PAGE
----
3 Common Life Insurance Mistakes You Don’t Want to Make

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Updated: 08 October 2023
Written by
Insuranceopedia Staff
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Key Takeaways

  • Don’t put off buying life insurance, don’t overestimate the coverage that you already have and don’t underestimate the coverage you will need.

When it comes to life insurance, you don’t want to make any mistakes. There are the seemingly obvious ones, like not being honest on the application or waiting till it’s too late. If you know the potential for error, they are easier to avoid. Here, we will give you our top 3 common mistakes that people make and how they could impact your financial future.

#1 Procrastinating

Life Insurance is never cheaper than today. Most people believe that they don’t need life insurance when they are just starting out in life. The reason behind this usually comes down to two simple thoughts:

  • I do not need insurance right now
  • I cannot afford it.

These thoughts show the lack of credible information about costs and how life insurance policies and options can benefit them financially. We teach children to save and invest money, starting as young as possible. We do this because there is a common belief that it helps create an understanding of long-term financial value.

Read: The Perfect Age to Get Life Insurance

We rarely hear the same information given about insurance or life insurance. For example, many life insurance policies can offer guaranteed insurability clauses, paid-up options or the ability to borrow against the cash value. These are all benefits that get more costly as you age or your health changes.

If you start with a policy at a young age and become uninsurable, you will have some coverage regardless of if it is less than what you may need. Unfortunately for most, life insurance only becomes relevant when they have a health issue or have added dependants into the mix. Not the ideal time to find out you don’t qualify, or discover the cost is unaffordable.


#2 Assuming Group and Loan Insurance is Guaranteed

While having group insurance or mortgage and loan insurance may be beneficial, most plans only offer a basic and fluctuating life insurance amount.

Read: Loan Protection Insurance: What You Should Know

Among the many issues with these types of insurance policies is that they are underwritten only after a claim. This means that the insurance company may not pay your claim if you have underlying or undisclosed medical issues. Individually purchased policies, in contrast, are underwritten at the time of purchase.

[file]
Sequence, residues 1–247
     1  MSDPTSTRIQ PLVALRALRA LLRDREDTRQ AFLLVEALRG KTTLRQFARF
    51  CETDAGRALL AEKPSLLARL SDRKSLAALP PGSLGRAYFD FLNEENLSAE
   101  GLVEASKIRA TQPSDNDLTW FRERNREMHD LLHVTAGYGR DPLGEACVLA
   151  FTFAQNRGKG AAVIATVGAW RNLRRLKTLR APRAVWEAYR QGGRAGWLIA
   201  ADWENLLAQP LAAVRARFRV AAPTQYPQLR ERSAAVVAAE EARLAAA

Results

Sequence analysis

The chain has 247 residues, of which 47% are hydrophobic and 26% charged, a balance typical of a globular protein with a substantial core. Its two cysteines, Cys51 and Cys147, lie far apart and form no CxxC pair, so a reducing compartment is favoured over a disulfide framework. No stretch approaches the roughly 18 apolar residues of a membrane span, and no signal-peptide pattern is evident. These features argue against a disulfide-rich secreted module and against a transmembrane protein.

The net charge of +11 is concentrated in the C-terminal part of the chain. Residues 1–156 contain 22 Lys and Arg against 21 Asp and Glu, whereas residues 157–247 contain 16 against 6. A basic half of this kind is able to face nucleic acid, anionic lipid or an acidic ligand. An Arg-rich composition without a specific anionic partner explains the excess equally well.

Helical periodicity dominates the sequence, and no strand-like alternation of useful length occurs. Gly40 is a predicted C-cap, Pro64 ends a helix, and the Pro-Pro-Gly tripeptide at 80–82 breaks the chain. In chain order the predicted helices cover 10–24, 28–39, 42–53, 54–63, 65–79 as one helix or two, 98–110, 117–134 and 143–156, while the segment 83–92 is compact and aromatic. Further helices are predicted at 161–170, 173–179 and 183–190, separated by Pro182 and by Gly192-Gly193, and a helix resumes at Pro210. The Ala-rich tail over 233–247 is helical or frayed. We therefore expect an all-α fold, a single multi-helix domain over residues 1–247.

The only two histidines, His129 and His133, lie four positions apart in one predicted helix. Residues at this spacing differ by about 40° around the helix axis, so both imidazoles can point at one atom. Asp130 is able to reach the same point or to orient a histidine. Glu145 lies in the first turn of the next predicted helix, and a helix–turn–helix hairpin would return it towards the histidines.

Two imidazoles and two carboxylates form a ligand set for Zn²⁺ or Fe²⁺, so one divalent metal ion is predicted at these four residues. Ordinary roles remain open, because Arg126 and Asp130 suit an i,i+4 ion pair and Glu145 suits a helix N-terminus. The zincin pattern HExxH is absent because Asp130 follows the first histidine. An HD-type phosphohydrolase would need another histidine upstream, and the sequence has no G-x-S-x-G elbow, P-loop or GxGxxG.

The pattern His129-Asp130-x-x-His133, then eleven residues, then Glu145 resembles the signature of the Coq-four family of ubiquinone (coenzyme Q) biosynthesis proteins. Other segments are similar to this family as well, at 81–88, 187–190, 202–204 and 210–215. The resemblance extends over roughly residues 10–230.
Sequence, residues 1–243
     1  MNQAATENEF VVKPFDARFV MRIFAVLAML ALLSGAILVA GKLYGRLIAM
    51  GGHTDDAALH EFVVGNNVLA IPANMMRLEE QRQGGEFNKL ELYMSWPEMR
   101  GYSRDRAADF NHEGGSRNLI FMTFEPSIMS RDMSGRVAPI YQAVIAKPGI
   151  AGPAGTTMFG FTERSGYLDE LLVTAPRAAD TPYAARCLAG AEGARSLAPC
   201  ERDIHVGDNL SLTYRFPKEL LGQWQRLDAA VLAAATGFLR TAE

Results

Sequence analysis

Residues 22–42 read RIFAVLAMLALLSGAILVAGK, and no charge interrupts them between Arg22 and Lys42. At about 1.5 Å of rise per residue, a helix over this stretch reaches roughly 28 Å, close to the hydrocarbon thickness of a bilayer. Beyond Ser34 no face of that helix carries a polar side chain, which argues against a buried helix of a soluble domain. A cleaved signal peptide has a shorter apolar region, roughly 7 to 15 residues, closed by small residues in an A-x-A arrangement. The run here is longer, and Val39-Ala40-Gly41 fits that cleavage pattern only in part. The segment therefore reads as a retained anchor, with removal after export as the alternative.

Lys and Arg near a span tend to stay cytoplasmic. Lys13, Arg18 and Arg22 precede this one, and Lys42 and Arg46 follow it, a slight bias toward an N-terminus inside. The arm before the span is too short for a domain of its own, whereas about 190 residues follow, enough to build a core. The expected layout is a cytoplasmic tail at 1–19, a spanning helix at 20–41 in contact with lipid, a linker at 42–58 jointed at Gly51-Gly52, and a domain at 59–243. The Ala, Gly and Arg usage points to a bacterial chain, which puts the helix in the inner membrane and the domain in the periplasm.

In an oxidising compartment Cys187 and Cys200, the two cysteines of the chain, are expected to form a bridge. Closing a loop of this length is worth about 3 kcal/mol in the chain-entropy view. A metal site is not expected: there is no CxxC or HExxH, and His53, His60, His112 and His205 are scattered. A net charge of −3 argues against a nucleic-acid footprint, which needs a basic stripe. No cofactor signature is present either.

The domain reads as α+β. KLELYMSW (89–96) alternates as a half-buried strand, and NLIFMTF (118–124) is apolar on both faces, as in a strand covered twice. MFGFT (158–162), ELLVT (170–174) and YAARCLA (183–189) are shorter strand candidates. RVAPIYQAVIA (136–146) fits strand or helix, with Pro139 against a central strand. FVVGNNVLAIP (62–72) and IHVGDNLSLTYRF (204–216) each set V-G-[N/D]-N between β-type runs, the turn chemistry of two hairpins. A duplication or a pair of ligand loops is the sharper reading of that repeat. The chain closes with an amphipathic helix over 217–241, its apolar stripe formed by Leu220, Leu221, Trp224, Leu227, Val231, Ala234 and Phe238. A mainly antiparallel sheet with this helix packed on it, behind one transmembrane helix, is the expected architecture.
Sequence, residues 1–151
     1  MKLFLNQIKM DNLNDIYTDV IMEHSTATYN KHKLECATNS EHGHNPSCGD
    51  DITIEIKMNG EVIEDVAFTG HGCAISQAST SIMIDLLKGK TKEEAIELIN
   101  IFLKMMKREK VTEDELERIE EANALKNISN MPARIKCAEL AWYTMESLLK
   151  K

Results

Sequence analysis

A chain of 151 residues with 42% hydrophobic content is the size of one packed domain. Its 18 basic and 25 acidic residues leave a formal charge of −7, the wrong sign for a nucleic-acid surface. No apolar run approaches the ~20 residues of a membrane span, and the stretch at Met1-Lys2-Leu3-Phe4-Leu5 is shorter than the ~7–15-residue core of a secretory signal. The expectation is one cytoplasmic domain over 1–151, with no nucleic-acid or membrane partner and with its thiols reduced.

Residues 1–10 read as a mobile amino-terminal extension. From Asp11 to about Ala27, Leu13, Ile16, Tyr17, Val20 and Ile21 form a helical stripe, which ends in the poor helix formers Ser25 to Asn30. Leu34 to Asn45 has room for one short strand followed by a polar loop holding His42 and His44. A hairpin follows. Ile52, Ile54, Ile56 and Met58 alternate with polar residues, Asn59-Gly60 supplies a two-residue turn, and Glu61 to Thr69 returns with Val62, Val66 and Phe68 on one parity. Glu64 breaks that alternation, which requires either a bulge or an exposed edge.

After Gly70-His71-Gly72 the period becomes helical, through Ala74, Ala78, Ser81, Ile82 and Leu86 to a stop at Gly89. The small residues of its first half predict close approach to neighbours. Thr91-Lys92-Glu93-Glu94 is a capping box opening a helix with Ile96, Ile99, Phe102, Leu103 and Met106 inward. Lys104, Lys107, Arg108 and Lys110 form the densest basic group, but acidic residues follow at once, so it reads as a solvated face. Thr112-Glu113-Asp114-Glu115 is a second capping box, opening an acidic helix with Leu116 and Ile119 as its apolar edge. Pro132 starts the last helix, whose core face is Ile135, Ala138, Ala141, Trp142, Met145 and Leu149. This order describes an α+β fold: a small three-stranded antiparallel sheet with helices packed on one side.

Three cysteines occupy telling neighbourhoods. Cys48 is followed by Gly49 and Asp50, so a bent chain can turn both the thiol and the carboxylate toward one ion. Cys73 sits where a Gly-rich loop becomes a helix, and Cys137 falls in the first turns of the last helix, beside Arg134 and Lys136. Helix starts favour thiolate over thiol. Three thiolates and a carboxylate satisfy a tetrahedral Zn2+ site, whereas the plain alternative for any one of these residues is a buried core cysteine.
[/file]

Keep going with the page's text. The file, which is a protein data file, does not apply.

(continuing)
When you combine this risk with the fact that group policies are usually only valid while you are part of the group, it seems like a huge cost to pay for something with so many variables.

Here is an example:

Let’s say you quit working full time at 55 to start a side hustle with only $5000 left on your $500,000 mortgage. In this case, you will no longer have that group coverage that you probably contributed towards for the last 25 years, and all the money that you paid towards mortgage insurance will give you a whopping $5000 if you died today.

Meaning, you paid for $300,000 – $500,000 worth of coverage for many years only to receive $5000. If you had paid for the same $300,000 – $500,000 on a personal policy, you would still have $300,000 – $500,000 of coverage. The financial cost of having to start over and purchase $500,000 of coverage at age 55 is not worth the convenience of relying on your group coverages alone.


#3 Underestimating the Coverage You Need

There are many ways to earn a living or have value for your family in today’s day and age without having a regular 9-5 job or salary. It’s essential to be realistic about the amount of coverage you need.

Take inventory of how much money your family will need to meet immediate expenses if you are no longer living. Calculating funeral expenses, legal fees, outstanding debts and mortgage balances is just the starting point.

The amount of money your family will need to maintain their standard of living plus the added costs during this transition period need to be considered. A common mistake is underestimating the financial value that family members who are maintaining a home and caring for children or elderly parents bring.

In these situations, it’s important to look at the cost of hiring in-home caregivers, house cleaners and taking care of day-to-day activities and not just the income or salary they contribute.

Read: Life Insurance for Stay at Home Spouses: Wasteful or Prudent?

Final Thoughts

As you can see, there is more to understanding life insurance than choosing the right policy type. By avoiding these mistakes, you could save you thousands of dollars in premiums and help set yourself and your family up for a more prosperous financial future.

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